Tuesday, June 20, 2023

A Guy Named Joe: A Review



War always makes widows, but what about the sweethearts who lose those they love? A Guy Named Joe touches on this idea, and while perhaps longer than it should be, it is lifted by a strong performance.

Cocky fighter pilot Pete Sandidge (Spencer Tracy) does not care about rules but results. Despite taking no precautions in fighting the Germans, he is exceptionally sensitive when aviatrix Durinda Durston (Irene Dunne) does anything even remotely risky. He does not want to openly admit it, but Pete is quite smitten with Dorinda, who is more open about it. She wants him to stop taking so many risks, as does his commanding officer, Colonel "Nails" Kilpatrick (James Gleason), who sees Pete as an able but arrogant flyer.

As unofficial punishment, Kilpatrick sends Pete and his wingman/BFF Al Yakey (Ward Bond) to remote Scotland. A chance to train new pilots opens up in the U.S., and Dorinda is sent to try and convince Pete to accept. He does not want to, but he finally realizes that they love each other and agrees to. There is, however, one last mission.

Pete discovers that he is not crazy, but he is dead. Seeing his old friend Dick Rumney (Barry Nelson) verifies to Pete that he is, indeed, dead. Rumney serves as Pete's de facto guiding angel to help a new pilot on Earth, Ted Randall (Van Johnson), by whispering encouragement and instructions which Randall will think is his own voice. Dorinda, still grieving, reunites with Yakey and then meets Randall. A romance begins between Dorinda and Randall, much to Pete's irritation. After a talk with The General (Lionel Barrymore), Pete realizes that he can't hold on to Dorinda, while Dorinda on her own realizes that she needs to move on with her life. Will history, however, repeat itself when Randall is given a dangerous assignment? Will Dorinda and Pete be able to let go of each other?

A Guy Named Joe (the title comes from a group of British kids who say that every American pilot is named "Joe") at its heart has an interesting story about moving on past grief, to accept that the living need to keep living without losing love for the dead. This story would have resonated more with contemporary audiences who were still seeing so many wives and sweethearts who suffered the same fate.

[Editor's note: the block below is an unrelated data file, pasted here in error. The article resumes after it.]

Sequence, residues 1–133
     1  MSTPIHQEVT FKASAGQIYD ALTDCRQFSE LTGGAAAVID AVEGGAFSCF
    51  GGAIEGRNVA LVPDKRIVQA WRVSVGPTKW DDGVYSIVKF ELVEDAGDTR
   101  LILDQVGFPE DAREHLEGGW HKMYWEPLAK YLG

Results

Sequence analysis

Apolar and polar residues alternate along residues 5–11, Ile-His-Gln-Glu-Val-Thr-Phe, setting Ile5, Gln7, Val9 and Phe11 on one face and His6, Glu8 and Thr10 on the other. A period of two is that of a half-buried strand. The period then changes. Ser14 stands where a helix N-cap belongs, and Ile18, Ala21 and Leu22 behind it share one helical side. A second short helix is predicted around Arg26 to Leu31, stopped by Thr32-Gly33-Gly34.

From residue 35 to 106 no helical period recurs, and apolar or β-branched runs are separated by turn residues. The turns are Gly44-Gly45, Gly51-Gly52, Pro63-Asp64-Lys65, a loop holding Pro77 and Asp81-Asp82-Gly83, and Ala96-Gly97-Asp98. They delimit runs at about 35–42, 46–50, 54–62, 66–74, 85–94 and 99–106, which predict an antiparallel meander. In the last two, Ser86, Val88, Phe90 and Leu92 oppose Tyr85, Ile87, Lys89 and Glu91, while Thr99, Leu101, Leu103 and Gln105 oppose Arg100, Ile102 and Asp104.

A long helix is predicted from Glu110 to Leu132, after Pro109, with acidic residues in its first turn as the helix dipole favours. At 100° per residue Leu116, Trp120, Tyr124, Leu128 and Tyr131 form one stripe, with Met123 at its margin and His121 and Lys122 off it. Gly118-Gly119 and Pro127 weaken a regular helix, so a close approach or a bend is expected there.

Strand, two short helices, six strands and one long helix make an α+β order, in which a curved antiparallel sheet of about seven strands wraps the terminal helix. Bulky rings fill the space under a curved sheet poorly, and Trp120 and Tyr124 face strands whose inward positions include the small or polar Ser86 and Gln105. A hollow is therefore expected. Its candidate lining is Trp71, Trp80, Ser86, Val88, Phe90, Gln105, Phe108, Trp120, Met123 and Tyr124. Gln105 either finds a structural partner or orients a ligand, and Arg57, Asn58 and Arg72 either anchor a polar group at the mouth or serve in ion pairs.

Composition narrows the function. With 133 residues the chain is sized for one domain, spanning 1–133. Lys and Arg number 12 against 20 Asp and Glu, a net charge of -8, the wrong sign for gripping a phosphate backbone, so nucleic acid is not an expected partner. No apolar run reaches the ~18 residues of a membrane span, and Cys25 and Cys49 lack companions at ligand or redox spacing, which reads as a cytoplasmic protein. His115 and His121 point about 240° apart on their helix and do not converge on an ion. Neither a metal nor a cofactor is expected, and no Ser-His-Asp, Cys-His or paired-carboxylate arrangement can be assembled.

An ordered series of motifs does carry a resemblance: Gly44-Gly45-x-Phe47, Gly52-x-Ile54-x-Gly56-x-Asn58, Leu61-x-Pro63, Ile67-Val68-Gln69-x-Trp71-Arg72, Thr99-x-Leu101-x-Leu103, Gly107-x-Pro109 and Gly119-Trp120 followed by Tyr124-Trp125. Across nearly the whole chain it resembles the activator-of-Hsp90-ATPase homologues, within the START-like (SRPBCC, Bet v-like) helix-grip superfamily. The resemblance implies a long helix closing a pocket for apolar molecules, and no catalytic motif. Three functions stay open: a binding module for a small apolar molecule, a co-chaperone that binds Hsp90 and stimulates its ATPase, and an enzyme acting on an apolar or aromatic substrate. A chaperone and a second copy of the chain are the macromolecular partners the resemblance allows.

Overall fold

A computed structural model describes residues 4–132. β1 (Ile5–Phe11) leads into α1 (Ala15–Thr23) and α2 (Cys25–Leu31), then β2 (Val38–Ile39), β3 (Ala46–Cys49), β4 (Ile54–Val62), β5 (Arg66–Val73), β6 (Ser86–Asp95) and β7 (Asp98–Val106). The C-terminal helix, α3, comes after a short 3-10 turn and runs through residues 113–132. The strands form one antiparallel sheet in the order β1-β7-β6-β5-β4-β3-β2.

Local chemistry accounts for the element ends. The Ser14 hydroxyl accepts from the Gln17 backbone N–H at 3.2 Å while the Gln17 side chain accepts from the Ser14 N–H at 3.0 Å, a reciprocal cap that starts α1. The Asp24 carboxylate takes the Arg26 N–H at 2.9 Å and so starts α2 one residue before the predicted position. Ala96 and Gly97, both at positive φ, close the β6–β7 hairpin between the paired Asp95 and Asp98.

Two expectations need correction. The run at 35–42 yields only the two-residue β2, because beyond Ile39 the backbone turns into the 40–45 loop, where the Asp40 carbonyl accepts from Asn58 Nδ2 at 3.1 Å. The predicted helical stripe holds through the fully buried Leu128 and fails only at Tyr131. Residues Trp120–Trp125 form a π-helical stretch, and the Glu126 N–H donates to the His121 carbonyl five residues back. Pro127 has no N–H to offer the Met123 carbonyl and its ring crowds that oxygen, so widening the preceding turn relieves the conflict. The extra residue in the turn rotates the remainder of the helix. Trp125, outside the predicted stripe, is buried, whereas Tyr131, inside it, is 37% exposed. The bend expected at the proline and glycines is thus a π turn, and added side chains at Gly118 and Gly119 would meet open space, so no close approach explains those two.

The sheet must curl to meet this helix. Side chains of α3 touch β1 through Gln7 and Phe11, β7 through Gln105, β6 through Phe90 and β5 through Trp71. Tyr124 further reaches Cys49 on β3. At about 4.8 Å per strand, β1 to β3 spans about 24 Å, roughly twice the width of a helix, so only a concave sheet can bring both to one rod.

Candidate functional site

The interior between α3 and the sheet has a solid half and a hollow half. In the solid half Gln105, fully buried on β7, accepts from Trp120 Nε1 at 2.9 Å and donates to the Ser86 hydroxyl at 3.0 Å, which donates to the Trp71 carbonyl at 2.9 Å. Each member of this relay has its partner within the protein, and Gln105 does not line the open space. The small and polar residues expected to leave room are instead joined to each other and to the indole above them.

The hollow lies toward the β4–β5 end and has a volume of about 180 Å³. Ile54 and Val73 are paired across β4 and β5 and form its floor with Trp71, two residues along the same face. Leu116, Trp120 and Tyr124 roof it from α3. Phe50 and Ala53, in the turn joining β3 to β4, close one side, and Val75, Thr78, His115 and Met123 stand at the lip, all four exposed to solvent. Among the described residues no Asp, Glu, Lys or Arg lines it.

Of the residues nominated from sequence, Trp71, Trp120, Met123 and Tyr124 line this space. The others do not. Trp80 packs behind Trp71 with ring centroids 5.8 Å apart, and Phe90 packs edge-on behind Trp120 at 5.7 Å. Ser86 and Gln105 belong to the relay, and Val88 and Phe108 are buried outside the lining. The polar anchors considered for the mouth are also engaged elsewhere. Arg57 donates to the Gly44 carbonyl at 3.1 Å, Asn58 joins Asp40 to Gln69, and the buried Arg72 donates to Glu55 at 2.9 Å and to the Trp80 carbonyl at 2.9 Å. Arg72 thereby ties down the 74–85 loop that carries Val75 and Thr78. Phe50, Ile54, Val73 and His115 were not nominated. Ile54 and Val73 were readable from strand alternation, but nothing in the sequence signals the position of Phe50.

The film is also elevated by a beautiful performance from Irene Dunne, who sings the lovely ballad I'll Get By (As Long as I Have You). Whether showing love for Tracy's Pete or grieving for his death, Dunne is perfection as the woman who loved, lost and loved again. Her scene with Bond as she attempts to hide her tears until she reveals the depths of her grief is a great moment. It is deeply moving scene.

Ward Bond is equally reliable as Yakey, the best friend who forces Dorinda to move on. He too balances moments of drama with comedy, such as his flustered efforts to hide the damage to Pete's plane. 

A Guy Named Joe was the film debut for Van Johnson, and I thought he did well. A particularly good moment is when this wealthy young man finds that a fellow pilot ignores a beautiful girl due to homesickness. Pete, who finds Randall an elitist snob, warms to him when Randall out of his own pocket makes a long-distance telephone call to let the pilot talk to his mother. Oddly, his love scenes with Dunne were a bit weak, not from her but from him.

The weakest performance in my opinion is Tracy. He is too snappy and makes Pete a jerk more than a lovelorn man. His casual cruelty towards Dorinda and Randall makes him an unpleasant figure, and to my mind he looks too old to be the love interest. However, when he has some monologues about the joys of flying or whispering to Dorinda about how loving is for the living, he does great.

I think A Guy Named Joe is longer than it should be (it is a full half hour of the doomed Pete/Dorinda romance). It also gives no reason for Don DeFore's character to be there (he plays Randall's best friend). 

A Guy Named Joe is worth watching for a good story and Irene Dunne's performance. While not the best film on the subject of afterlife love, it does a good enough job.


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